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Extremely ’70s Artifacts from Johnson Publishing’s Heyday

A new exhibit at the Stony Island Arts Bank toasts the Ebony and Jet founder’s pizzazz.

Above: John H. Johnson, founder of Ebony and Jet magazines, used to have his hair cut in this custom-designed chair in his office, which took up the entire top floor of the high-rise he built at 820 South Michigan. Photo: Colin Beckett

Johnson Publishing Company’s headquarters were the first in downtown Chicago to be built, designed, and owned by a black man. Each of the 11 floors showcased African American art and artifacts and framed covers of the company’s Ebony and Jet magazines. The opulent offices were distinctly ’70s: ostrich-skin wallpaper, leather-lined wastebaskets, color-coded file cabinets.

Linda Johnson Rice gifted Theaster Gates and his Rebuild Foundation items from the building after the company moved out in 2012. Some of those will be on display in an exhibit that opens June 28 at the Stony Island Arts Bank. “We give credit to Zappos and Google for their campuses, but nobody does this anymore,” says Devin Mays, an artist who worked on the project. “Everything in the building was so obsessively considered.”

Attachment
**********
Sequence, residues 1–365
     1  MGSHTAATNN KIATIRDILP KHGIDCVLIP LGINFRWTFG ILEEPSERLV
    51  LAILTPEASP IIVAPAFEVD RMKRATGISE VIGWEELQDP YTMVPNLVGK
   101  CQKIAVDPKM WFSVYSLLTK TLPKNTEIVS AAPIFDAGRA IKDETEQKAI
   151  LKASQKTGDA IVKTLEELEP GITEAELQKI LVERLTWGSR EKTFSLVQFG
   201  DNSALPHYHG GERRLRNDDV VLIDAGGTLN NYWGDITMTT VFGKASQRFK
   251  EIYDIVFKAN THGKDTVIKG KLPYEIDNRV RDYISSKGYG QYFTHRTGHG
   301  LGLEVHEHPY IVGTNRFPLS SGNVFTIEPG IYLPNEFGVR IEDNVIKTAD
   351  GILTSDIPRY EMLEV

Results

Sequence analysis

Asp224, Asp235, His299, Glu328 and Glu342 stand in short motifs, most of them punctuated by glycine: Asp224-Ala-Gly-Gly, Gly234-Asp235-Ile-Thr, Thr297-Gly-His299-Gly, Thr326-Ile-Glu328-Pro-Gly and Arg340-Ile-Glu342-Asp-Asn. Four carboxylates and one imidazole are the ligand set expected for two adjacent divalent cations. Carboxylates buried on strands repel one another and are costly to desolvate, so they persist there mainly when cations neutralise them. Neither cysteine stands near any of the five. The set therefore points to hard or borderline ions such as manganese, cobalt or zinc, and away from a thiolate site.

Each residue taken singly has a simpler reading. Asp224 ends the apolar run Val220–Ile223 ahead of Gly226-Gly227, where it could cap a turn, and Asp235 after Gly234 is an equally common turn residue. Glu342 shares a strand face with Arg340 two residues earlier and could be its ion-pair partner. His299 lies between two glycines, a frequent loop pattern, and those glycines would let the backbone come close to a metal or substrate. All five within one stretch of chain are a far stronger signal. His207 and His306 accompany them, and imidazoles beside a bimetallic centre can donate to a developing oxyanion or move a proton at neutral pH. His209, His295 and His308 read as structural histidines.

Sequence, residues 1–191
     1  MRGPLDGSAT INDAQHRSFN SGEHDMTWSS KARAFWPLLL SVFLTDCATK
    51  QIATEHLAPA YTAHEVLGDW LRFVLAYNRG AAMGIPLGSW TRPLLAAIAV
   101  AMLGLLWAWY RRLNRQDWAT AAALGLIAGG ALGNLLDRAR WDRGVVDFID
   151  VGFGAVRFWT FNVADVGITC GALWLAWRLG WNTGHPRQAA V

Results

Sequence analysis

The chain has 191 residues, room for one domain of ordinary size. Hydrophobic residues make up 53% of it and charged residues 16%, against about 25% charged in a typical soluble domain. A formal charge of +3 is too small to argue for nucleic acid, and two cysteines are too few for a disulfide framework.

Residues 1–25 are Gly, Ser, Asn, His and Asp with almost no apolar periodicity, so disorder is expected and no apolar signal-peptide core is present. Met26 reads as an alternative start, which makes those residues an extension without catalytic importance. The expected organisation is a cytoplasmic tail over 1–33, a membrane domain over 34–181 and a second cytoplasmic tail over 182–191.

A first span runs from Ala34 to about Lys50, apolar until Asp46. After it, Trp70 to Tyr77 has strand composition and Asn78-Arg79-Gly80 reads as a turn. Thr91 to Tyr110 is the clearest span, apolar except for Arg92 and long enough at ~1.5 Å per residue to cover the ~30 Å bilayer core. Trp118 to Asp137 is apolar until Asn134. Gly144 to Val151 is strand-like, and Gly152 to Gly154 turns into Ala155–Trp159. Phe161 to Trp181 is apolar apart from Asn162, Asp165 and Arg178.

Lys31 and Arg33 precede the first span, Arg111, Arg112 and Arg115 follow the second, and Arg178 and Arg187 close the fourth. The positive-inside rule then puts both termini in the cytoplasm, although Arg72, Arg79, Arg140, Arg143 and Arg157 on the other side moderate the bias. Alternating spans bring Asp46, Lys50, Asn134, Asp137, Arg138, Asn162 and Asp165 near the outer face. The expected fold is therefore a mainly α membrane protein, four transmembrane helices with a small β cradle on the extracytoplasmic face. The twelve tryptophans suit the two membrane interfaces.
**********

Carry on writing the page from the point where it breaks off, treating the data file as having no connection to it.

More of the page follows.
Sofa and chair

Sofa and chair

Photos: (JPC offices) Courtesy of Johnson Publishing Company

“A lot of what they did with vinyl and faux leather was really popular at the time, and you could go very crazy with it,” says Thomas Leinberger, who’s overseeing the reupholstering process. “We’re trying to take cues from the original and not stray too far.”

 

Electric shoe polisher

Electric shoe polisher

“It speaks to the era that John Johnson was associated with,” says Pete Skvara, a Rebuild project manager. “It’s made by Dremel, the company that makes power tools. You have a piece of technology like that to help you get ready for your meeting—it’s a sign of success in business.”

 

Bespoke typewriter

Bespoke typewriter

Each floor had a dominant color that was repeated on the walls and floor and even the office equipment, like this typewriter, covered in textured red leather.

 

Frederick Douglass bust

Johnson filled the building with pieces by black artists or, in this case, about black figures. Johnson received the Douglass scuplture as part of a lifetime achievement award from the National Association of Black Journalists.

 

Psychedelic art

Psychedelic art

This seven-by-seven-foot painting, which hung in Johnson’s office (inset), is an example of the kind of brightly colored, custom-framed graphic work that decorated every room and hallway. Rebuild is still searching for the artist. “It seems like they bought that piece specifically for that space,” Leinberger speculates.

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